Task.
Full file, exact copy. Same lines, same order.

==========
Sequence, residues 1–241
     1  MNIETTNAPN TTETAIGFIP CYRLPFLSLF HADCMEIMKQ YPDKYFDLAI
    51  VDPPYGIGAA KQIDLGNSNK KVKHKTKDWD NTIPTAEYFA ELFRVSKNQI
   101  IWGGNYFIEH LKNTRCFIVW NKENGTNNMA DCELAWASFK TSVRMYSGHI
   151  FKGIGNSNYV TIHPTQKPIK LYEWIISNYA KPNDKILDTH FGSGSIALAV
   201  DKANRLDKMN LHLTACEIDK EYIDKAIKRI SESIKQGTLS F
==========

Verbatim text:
Sequence, residues 1–241
     1  MNIETTNAPN TTETAIGFIP CYRLPFLSLF HADCMEIMKQ YPDKYFDLAI
    51  VDPPYGIGAA KQIDLGNSNK KVKHKTKDWD NTIPTAEYFA ELFRVSKNQI
   101  IWGGNYFIEH LKNTRCFIVW NKENGTNNMA DCELAWASFK TSVRMYSGHI
   151  FKGIGNSNYV TIHPTQKPIK LYEWIISNYA KPNDKILDTH FGSGSIALAV
   201  DKANRLDKMN LHLTACEIDK EYIDKAIKRI SESIKQGTLS F